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Br J Sports Med 34:279-283 doi:10.1136/bjsm.34.4.279
  • Original article

Relation of anterior pelvic tilt during running to clinical and kinematic measures of hip extension

  1. Anthony G Schache1,
  2. Peter D Blanch2,
  3. Anna T Murphy3
  1. 1School of Physiotherapy, University of Melbourne, Melbourne, Australia
  2. 2Physiotherapy Department, Australian Institute of Sport, Canberra, ACT, Australia
  3. 3Paediatric and Child Health/Human Movement Studies Departments, University of Queensland, Brisbane, Qld, Australia
  1. Correspondence to: Mr A G Schache, School of Physiotherapy, University of Melbourne, 200 Berkeley St, Carlton, Victoria 3053, Australia email: a.schache{at}pgrad.unimelb.edu.au
  • Accepted 29 February 2000

Abstract

Background—Limited hip extension flexibility due to tight hip flexor musculature or anterior hip capsular and ligamentous structures is a possible cause of increased anterior tilt of the pelvis during running. However, to date, research exploring this relation, as well as the kinematic relation between anterior tilt of the pelvis and peak hip extension range of motion during running, is not available.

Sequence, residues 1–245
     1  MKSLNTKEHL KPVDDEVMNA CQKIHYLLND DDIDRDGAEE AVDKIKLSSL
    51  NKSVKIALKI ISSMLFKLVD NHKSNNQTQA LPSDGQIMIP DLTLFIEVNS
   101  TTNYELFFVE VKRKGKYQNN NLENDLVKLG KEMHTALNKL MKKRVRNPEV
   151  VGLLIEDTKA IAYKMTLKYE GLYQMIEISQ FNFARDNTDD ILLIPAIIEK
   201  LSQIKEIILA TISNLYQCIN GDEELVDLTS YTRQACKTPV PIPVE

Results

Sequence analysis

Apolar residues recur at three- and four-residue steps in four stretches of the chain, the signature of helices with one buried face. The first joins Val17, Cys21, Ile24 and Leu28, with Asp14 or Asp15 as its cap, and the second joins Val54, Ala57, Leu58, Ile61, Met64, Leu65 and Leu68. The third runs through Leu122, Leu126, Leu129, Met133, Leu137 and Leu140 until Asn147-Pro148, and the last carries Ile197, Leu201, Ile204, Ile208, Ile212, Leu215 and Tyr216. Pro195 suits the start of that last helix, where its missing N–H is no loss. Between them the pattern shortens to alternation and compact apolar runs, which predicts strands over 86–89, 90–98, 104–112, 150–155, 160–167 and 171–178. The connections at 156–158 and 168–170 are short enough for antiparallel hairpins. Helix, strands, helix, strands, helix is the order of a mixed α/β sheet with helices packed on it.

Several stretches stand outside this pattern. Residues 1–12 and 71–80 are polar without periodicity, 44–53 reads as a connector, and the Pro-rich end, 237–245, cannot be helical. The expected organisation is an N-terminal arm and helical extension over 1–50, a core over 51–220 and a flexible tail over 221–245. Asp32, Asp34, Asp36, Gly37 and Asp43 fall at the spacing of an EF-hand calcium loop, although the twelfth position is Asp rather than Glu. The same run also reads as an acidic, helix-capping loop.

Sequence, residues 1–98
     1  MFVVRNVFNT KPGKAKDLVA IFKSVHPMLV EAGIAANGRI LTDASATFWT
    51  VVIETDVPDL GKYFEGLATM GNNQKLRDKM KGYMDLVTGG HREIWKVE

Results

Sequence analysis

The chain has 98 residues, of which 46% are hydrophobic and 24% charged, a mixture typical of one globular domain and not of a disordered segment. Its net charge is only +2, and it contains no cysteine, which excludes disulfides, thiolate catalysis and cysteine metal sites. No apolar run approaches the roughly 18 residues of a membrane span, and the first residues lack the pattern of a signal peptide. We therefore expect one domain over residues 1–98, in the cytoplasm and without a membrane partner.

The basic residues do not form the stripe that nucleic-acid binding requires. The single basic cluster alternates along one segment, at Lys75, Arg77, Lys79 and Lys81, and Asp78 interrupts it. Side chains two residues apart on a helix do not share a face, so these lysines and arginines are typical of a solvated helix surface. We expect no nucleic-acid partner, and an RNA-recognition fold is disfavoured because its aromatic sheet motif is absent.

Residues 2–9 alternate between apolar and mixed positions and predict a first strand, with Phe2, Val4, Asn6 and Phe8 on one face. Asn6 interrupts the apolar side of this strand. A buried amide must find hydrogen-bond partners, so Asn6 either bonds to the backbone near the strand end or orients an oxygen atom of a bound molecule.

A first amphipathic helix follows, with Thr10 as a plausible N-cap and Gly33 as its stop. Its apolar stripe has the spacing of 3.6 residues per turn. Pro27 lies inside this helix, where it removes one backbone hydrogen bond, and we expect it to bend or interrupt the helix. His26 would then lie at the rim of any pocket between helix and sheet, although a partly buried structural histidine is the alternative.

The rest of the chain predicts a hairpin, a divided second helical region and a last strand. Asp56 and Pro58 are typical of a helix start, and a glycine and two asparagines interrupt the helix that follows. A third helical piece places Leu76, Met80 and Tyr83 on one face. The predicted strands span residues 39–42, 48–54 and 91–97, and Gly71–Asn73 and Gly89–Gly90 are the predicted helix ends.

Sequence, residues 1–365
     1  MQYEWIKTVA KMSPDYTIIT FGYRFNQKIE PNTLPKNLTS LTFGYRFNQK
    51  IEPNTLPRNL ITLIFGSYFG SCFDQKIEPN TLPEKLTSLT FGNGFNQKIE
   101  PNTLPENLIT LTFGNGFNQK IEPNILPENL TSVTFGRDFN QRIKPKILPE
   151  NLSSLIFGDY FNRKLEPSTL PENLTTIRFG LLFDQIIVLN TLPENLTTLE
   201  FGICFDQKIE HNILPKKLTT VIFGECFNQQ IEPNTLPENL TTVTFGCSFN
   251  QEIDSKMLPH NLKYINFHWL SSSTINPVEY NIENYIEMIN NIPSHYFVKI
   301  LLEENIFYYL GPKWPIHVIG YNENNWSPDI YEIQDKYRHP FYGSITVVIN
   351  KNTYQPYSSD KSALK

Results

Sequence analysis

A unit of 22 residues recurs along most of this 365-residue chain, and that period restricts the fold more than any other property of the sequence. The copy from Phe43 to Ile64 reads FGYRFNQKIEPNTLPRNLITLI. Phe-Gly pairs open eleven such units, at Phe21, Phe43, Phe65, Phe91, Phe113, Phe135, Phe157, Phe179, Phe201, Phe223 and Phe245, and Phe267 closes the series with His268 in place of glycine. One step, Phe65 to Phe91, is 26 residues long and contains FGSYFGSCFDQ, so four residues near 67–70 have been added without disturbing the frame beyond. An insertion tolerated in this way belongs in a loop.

Objective—To assess the relation of anterior pelvic tilt during running to peak hip extension range of motion measured during running and hip extension flexibility measured clinically.

Methods—Hip extension flexibility was assessed using the Thomas test, and the three dimensional kinematic motion of the pelvis and hips were recorded using a VICON motion analysis system with 14 elite athletes running on a treadmill at 20 km/h.

Results—Anterior pelvic tilt displayed a significant (p<0.01) correlation with peak hip extension range of motion during running. Anterior pelvic tilt tended to be increased in runners who displayed reduced absolute peak hip extension range of motion during terminal stance. No significant correlation was shown for hip extension flexibility with either anterior pelvic tilt or peak hip extension range of motion during running.

Conclusions—The outcomes of this study indicate that anterior pelvic tilt and hip extension are coordinated movements during running. Static hip extension flexibility measured using the modified Thomas test does not appear to be reflective of these dynamic movements.

Footnotes